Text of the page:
Location
BCS, Texas
and that will eliminate all my bandwidth problems? the PS3, NAS, and my computer will all communicate via the switch that way? and gigabit?

Do your parent's or brother's computers regularly connect and download/upload to/from the NAS?

The setup I proposed would really only benefit the connection between your PC and the NAS. It would provide a gigabit network between your PC and NAS and the traffic between the two would stay on the switch and not touch the router.

The PS3 would only use the switch when talking to the NAS or your computer.

If you do access the NAS from your parent's computer, brother's computer, or PS3 the switch will not solve that problem.
 
OP
jokers_greg

jokers_greg

Member
Joined
Jan 31, 2005
Location
Mississauga, Ontario
They almost never use the NAS actually, the NAS is usually just "on" without even streaming to the PS3, and it's enough to cause major lag upstairs. The PS3 needs to communicate with the NAS as well, I may have to connect it via wires.
 

insanemonkey

Member
Joined
Mar 4, 2005
Location
NW Indiana
Would it be possible to wire everything or do you have to use wireless. If you get a gigabit switch you could connect everything with that. Traffic would not have to go to the router unless it was trying to get out of the network or using wifi.

I have never liked wireless for gaming or any time transferring large files. I know that a lot of people don't have a problem with it, but I am of the mindset that wireless is always the last resort.
 
OP
jokers_greg

jokers_greg

Member
Joined
Jan 31, 2005
Location
Mississauga, Ontario
Would it be possible to wire everything or do you have to use wireless. If you get a gigabit switch you could connect everything with that. Traffic would not have to go to the router unless it was trying to get out of the network or using wifi.

I have never liked wireless for gaming or any time transferring large files. I know that a lot of people don't have a problem with it, but I am of the mindset that wireless is always the last resort.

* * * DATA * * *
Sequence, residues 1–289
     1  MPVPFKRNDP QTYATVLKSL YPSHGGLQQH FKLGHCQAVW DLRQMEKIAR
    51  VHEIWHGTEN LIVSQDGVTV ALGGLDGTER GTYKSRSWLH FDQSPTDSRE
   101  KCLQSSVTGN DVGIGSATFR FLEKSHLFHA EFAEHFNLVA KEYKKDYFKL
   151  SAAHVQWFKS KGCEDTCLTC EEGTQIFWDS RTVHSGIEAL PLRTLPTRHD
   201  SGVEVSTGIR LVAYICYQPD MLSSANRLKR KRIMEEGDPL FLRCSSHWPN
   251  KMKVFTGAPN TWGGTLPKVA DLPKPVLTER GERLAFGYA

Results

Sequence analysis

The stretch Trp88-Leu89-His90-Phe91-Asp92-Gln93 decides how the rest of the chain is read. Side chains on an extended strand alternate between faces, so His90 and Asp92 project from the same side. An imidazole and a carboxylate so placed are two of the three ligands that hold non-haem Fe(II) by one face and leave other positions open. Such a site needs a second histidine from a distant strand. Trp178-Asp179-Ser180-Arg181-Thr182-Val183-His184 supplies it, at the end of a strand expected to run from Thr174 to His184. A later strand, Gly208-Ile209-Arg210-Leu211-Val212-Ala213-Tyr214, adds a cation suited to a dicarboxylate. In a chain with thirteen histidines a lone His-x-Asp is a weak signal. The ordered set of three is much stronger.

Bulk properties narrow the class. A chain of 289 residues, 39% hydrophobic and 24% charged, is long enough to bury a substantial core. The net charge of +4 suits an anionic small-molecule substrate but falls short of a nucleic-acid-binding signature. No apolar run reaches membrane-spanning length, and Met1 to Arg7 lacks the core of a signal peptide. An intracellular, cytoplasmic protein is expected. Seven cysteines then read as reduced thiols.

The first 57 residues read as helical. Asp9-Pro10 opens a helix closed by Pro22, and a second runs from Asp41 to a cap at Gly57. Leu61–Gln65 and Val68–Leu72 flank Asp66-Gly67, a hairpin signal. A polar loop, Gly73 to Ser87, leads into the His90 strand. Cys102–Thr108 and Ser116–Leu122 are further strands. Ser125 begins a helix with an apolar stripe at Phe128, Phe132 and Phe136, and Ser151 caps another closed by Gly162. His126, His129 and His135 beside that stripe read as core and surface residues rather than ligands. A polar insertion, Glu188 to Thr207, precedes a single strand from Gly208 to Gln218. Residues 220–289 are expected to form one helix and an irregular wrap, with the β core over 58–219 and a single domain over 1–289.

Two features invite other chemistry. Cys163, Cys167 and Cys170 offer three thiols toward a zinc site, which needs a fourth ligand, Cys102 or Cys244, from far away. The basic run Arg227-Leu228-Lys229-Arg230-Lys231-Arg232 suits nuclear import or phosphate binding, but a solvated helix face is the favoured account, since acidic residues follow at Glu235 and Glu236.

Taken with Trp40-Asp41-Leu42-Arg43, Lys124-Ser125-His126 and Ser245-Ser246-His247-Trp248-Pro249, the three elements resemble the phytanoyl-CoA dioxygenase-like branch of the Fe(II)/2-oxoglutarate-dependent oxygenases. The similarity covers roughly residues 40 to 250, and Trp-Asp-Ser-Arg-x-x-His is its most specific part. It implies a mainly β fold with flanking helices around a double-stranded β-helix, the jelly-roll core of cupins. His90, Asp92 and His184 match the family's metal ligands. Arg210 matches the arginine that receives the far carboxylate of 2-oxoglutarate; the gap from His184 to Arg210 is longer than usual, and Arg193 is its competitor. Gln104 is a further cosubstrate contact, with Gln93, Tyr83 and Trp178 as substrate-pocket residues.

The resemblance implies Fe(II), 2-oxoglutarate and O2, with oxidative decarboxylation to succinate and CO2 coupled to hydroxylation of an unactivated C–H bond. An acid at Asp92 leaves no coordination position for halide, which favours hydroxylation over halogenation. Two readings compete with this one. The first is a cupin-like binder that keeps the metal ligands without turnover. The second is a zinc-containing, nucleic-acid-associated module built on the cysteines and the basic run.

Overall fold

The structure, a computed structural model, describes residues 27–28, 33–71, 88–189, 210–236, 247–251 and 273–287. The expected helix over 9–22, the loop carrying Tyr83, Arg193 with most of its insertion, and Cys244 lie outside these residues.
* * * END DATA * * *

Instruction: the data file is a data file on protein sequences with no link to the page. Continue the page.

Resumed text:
unfortunately i have to go wireless between the router and bridge.
 

Mooyo

Member
Joined
Sep 30, 2005
Location
Minnesota
Maybe it's just me but I wouldn't risk buying a stolen piece of network equipment. Or something that turns on but doesn't really work properly. If it's too good to be true it typically is...

There's a smaller version of the Netgear I own, the GS105 I believe, which might be lower priced. I would imagine it could be found considerably cheaper used on craigslist or ebay.
 
OP
jokers_greg

jokers_greg

Member
Joined
Jan 31, 2005
Location
Mississauga, Ontario
sent him an email already :). so again, everyone think this is the remedy to my problems? should i look into things like repeaters/higher dBi antenna's etc.?
 
OP
jokers_greg

jokers_greg

Member
Joined
Jan 31, 2005
Location
Mississauga, Ontario
after typing "gigabit switch" i mostly got 24 or 48 port behemoths, only a few commercial ones, both were over $60. heck for that price, i could get a new router, and sell my old one
 

Mooyo

Member
Joined
Sep 30, 2005
Location
Minnesota
Eh, you'd be surprised. A number of Cisco 1805 routers ($800+ or so, give or take) have gone missing from my work.

EDIT - can't form coherent sentences today